2.  Look at Terrence Jones’ last six games: 15 and 15, 14 and 8, 26 and 12, 19 and 7, 18 and 8, and 21 and 9.  At just 23 years old, he’s looking like a budding All-Star, taking a step even beyond the colossal step he took last season.  We see now that he’s scoring, even without Dwight, and against the best teams in the league, a valuable development over last season.  (While his splits with Dwight off the court were stellar, Jones did not fare well against the league’s top teams).  Kevin McHale isn’t having to go small to close every game anymore (and although he did last night, it wasn’t at the sacrifice of Jones).  The big question now will be whether Jones can consistently defend the paint against the top 4’s in the Western Conference.  I wanted to trade Jones, most notably for Goran Dragic, but in hindsight, perhaps Houston dodged a bullet?  It might be premature to go that far as Dragic is of course coming off an all-NBA season, but if Jones continues this trajectory, his loss would’ve been tough to swallow in the event Dragic walked in free agency.  Especially with Dwight Howard’s future up in the air.  But with Josh Smith and Motiejunas already holding down the fort, maybe a point guard would do more in the short term?  That leads us to point #3.


I wrote the day of the trade that if I could ask Kevin McHale just one question, it would be about Isaiah Canaan.  What exactly happened leading up to the banishment of a player who in theory, seemed to have every tool this team was craving for in a point guard?  There are those of course who will point to Russell Westbrook’s stat line last night, or rough nights yet to come for Canaan.  But that’s missing the point entirely.  While I thought Canaan could one day start, that’s not what this team needed.  They just needed a guy to come in and give them 15-20 minutes a night of playmaking and accurate shooting from the point guard position.  Canaan could have fit that role to a tee, if given the chance.  Instead, the Rockets traded him for a guy who, while in theory was an exciting acquisition, will probably never see the light of day.  With Houston in contention for the 2 seed, in maybe the most brutal conference in league history, without Dwight Howard, it’s tough to find fault with Kevin McHale’s coaching these days.  But after Lowry, and now Canaan, a disturbing trend seems to have evolved surrounding McHale and his point guards.  We don’t know exactly what happened, but given the facts on the face of things, the speculation seems to add up.  Maybe the tight ship McHale runs, while alienating his generals, has directly contributed to the team overachieving in every regular season since he’s been here.  If that’s the case, shedding a few bad apples who don’t want to buy in was certainly defensible.  But from what we know, which is nothing, aside from the fact that Isaiah Canaan is a baller and we let him go for nothing, the entire episode seems curious.  You’re telling me a team running the worst point guard unit of any playoff team in the league couldn’t make use of 20 minutes a game of that kind of firepower (shown above)?  Really?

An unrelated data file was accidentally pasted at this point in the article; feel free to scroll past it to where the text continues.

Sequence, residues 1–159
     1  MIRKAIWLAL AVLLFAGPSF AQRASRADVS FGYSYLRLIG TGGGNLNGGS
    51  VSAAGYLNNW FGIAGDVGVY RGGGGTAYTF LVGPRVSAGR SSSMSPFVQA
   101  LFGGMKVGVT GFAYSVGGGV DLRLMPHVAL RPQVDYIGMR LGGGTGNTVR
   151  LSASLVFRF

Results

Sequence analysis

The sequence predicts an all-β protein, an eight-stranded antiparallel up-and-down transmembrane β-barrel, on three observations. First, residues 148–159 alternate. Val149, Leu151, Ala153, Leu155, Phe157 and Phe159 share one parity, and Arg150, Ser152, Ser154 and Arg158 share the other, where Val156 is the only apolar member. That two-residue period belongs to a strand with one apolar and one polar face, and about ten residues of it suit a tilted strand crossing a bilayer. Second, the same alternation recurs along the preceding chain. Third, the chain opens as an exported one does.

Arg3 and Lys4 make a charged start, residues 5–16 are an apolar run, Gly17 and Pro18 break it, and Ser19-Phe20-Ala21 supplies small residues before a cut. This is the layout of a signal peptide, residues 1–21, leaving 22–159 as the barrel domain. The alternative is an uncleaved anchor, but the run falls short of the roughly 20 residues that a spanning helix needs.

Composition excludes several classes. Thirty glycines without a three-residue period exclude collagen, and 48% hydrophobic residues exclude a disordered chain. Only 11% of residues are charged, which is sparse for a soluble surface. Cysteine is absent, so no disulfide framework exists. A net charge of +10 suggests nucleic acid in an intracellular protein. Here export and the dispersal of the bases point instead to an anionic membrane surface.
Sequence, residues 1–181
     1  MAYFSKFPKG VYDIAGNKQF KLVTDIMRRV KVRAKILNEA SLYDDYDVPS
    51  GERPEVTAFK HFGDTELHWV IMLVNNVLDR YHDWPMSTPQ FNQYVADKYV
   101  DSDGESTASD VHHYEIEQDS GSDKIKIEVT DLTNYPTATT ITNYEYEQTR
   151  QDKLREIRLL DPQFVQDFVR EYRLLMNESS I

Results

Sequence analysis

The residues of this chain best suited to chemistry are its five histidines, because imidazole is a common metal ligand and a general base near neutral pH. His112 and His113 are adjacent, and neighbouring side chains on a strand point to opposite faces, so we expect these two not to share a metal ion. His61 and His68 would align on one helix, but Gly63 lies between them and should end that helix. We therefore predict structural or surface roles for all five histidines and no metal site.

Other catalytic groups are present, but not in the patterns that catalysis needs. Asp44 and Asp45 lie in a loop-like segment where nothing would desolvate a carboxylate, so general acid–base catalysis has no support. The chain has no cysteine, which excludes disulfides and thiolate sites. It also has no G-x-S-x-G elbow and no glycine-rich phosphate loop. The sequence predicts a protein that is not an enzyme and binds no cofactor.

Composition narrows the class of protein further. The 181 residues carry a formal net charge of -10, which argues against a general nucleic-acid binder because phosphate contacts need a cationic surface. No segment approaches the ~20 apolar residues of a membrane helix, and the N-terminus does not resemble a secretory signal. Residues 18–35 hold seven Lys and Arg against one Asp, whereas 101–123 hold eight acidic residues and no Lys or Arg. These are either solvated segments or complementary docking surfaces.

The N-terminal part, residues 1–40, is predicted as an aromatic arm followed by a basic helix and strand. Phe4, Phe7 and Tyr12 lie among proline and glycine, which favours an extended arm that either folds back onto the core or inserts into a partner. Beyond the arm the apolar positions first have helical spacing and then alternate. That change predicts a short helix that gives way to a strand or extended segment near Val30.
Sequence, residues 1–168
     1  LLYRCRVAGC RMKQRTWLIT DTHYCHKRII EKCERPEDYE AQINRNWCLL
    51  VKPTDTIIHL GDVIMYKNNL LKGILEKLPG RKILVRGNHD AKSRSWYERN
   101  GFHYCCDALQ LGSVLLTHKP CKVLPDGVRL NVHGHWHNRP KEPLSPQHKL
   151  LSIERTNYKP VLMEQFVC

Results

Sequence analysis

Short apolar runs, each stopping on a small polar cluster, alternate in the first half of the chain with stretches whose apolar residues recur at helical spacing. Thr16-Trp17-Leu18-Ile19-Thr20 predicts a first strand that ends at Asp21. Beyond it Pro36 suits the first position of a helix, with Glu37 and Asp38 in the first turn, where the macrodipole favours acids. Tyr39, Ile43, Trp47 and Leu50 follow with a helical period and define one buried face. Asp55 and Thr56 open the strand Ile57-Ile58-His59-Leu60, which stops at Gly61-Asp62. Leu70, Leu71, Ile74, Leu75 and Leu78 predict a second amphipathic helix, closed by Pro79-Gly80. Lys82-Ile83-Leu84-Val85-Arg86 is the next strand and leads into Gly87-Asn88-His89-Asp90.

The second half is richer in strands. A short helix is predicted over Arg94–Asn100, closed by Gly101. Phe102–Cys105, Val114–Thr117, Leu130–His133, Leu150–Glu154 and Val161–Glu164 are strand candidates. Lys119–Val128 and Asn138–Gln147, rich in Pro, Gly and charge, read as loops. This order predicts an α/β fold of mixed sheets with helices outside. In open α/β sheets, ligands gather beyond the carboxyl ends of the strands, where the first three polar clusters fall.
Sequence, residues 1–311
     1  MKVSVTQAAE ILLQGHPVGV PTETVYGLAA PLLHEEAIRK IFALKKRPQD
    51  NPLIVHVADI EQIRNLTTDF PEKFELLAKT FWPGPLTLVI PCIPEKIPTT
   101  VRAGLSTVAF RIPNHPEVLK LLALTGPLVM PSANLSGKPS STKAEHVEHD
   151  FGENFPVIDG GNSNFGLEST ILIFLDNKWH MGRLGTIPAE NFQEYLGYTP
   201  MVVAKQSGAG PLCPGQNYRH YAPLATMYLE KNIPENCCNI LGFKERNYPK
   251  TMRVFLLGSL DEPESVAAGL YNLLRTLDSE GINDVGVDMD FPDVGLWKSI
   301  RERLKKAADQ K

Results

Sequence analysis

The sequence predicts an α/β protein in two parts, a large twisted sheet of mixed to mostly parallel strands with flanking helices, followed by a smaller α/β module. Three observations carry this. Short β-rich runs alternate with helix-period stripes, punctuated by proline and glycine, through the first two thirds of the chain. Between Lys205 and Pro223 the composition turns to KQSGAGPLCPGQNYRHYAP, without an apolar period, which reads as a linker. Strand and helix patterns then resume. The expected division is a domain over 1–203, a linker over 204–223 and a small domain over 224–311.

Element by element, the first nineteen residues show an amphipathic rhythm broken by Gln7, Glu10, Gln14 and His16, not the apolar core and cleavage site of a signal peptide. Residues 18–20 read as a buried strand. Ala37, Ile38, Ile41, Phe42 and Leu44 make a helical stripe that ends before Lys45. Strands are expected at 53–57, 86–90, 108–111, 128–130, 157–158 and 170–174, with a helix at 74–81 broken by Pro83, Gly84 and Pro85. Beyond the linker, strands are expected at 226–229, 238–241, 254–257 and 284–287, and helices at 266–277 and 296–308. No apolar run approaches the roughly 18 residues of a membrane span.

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About the author: Rahat Huq is a lawyer in real life and the founder and editor-in-chief of www.Red94.net.